The BlackBerry is “a secular loser to Apple and Android devices,” Ittai Kidron, an analyst at Oppenheimer & Co. in New York, told investors in a note last month. There are few signs RIM can recover as “execution issues remain a drag,” he said.
As the U.S. market evolved, RIM decided to place more emphasis on growing international sales, Balsillie said in an interview. While sales in Asia and Latin America rose, they weren’t enough to offset the slump in North America, resulting in RIM’s first revenue drop years in nine years in September.
“The biggest dilemma was the U.S. market went down the path of mobile high-end computing on a 4G platform, and our products were suited for a global marketplace,” Balsillie said. “The greatest dilemma was resources and capacities, where do you put them. We couldn’t do both.”
Former Siemens Manager
“They’re going to have to run fast,” Rene Schuster, CEO of Telefonica SA’s German unit, said in an interview in Munich. “They have a good brand. The question is: are they now able to bring new innovation to the market so that when a consumer looks at the choice they’re going to pick RIM? It’s going to be a challenge for them.”
With Heins, 54, RIM is banking on an executive who has remained largely in Balsillie’s and Lazaridis’s shadow. In July, he was named to the enlarged position of chief operating officer for product and sales, overseeing engineering, hardware and software.
In an interview, Heins cited RIM’s 75 million subscribers, “strong balance sheet” and negligible debt as advantages. He said the company’s focus on its own software will yield results in the long term. About 18 months ago, the company considered and decided against adopting another operating system, he said.
“Jim and Mike’s strategy of not sacrificing long-term value for short-term gain is the right one,” said Heins, who worked at Siemens for more than 20 years before joining RIM. “I share that value.”
RIM’s strategy of relying on its own software mimics that of Apple. Other handset makers, such as Samsung, HTC Corp. and Motorola Mobility Holdings Inc., have boosted sales by using the Android software Google gives away for free.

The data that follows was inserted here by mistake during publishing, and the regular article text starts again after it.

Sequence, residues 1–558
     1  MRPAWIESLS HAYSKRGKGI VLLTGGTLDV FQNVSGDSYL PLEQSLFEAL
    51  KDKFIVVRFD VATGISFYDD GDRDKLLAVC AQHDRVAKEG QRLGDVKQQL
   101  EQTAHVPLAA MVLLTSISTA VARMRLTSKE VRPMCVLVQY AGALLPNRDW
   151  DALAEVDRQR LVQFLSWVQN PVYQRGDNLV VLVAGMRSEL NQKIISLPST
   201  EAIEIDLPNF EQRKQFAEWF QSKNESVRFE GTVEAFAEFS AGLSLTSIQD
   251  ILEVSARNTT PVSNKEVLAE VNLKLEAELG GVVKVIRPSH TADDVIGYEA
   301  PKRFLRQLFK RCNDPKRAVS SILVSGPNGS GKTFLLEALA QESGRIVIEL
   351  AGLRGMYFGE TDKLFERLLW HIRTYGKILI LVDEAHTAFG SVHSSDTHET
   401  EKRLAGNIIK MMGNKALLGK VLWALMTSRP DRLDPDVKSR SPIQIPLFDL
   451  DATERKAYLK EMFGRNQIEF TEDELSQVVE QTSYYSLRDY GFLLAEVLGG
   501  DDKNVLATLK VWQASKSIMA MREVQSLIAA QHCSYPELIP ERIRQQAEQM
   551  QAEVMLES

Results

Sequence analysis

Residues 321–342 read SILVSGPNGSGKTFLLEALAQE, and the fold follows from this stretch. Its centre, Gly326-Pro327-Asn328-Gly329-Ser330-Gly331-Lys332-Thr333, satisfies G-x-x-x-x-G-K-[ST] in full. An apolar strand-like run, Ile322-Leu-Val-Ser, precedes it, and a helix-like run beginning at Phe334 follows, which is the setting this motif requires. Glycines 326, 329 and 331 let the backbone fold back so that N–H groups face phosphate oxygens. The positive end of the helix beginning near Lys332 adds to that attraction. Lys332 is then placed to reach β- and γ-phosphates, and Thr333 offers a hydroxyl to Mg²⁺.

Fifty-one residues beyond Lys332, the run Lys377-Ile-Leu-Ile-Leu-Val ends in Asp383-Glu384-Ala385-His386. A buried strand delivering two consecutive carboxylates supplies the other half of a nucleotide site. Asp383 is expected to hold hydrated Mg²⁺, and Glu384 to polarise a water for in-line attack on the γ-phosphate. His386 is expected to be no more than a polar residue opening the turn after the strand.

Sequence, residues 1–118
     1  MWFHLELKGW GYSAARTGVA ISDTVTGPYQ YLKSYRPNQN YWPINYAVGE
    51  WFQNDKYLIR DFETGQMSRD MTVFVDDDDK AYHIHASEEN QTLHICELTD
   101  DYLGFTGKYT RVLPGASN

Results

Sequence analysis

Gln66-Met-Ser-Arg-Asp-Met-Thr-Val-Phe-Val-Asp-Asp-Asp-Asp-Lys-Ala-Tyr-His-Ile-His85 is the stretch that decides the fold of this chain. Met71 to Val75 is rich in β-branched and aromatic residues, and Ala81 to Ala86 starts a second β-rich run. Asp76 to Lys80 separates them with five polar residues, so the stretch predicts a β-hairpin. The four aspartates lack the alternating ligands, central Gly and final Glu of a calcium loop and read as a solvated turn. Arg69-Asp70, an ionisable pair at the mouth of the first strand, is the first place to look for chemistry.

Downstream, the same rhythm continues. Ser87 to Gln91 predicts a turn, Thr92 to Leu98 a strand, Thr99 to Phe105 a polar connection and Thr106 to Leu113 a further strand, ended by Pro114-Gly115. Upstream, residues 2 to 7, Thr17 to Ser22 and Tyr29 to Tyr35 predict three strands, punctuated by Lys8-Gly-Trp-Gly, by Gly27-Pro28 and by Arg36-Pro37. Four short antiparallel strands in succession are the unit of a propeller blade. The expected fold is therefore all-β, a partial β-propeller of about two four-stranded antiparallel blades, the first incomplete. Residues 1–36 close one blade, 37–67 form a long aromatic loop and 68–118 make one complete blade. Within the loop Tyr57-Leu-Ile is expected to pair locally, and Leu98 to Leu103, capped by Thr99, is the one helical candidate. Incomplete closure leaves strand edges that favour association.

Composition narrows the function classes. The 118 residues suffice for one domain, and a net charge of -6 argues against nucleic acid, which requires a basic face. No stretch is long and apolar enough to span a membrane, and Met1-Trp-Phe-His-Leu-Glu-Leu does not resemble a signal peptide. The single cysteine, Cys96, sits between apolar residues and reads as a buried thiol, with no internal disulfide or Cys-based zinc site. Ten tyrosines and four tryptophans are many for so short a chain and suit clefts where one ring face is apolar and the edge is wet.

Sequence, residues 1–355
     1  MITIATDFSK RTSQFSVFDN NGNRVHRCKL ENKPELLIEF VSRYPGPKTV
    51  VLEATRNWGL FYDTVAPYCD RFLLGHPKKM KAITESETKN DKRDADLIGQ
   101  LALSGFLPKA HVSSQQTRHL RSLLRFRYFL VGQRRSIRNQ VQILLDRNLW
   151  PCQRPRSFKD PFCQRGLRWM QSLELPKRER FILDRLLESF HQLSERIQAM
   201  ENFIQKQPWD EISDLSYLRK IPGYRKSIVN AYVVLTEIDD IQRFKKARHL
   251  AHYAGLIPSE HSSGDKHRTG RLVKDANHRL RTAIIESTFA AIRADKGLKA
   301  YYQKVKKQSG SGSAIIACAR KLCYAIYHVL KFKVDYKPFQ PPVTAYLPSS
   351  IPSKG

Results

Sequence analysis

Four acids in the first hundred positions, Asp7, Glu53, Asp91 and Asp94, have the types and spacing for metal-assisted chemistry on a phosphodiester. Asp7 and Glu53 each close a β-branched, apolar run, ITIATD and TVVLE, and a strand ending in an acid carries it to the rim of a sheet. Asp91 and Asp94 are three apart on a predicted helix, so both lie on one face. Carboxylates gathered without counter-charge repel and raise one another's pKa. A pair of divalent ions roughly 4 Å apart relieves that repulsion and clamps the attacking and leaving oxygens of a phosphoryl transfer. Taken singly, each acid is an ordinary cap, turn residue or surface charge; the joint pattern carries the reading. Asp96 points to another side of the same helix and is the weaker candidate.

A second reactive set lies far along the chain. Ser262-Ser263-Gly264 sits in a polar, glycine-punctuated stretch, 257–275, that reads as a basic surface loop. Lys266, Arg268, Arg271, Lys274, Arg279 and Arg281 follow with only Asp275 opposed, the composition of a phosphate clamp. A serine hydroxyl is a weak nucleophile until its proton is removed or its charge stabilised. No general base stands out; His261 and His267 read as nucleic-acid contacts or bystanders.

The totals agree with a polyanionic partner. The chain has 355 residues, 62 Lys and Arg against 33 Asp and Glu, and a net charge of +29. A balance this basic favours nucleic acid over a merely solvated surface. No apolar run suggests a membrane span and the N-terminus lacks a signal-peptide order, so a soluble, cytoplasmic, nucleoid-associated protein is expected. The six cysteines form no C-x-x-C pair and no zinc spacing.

Last year’s promotion of Heins, a German national originally from Munich, was part of a plan to accelerate product development. Still, the company’s missteps since have included delays with a new operating system the company is betting on to challenge Apple and Google. In December, RIM said the first BlackBerrys based on the new system, called BB10, won’t be available until the latter part of this year.
The company also suffered a nine-month delay in getting e-mail onto the PlayBook tablet. The technical difficulties and marketing missteps have left PlayBook shipments at a little more than 1 percent of those for Apple’s market-leading iPad.
Heins’s challenge isn’t just fighting Apple and the Android-camp led by Google, which dominate the smartphone and tablet markets. He will also need to fend off competition from Microsoft Corp., which is working with carriers such as AT&T Inc. and device manufacturers including Nokia Oyj to gain ground in the smartphone market.
RIM’s PlayBook meanwhile is now just one of dozens of tablets seeking to gain share from Apple’s iPad. Amazon.com Inc.’s newest such device hit store shelves on Nov. 14 and quickly surpassed more-established tablets from Samsung Electronics Co. and Barnes & Noble Inc.
Lazaridis founded RIM when he was a senior at the University of Waterloo in Canada. The company began working on wireless products three years later, developing a pager that evolved into what is known as the BlackBerry. Balsillie, a 1989 graduate of Harvard Business School, joined RIM in 1992.
‘Here to Fight’
In addition to his vice-chairman role, Lazaridis will run the board’s innovation committee. He said he will work closely with Heins and provide strategic counsel.
Lazaridis also said he plans to boost his RIM stake by $50 million. Balsillie said he will remain a significant shareholder. They each own about 5 percent of the company now.
Stymiest, a former Royal Bank of Canada executive, became a RIM director in 2007. She previously was a partner at Ernst & Young LLP and chief financial officer of BMO Nesbitt Burns Inc. RIM will also name Fairfax Financial Holdings Inc. CEO Prem Watsa a director, bringing the number of board members to 11.
As part of the overhaul, Heins said he will also seek a new marketing chief for the company. Balsillie had taken over the those duties after RIM’s first marketing chief, Keith Pardy, left in March, less than two years after joining the company.
“We are in a competitive world, but we believe in our own strength,” Heins said. “I’m here to fight.”
To contact the editor responsible for this story: Peter Elstrom at email@example.com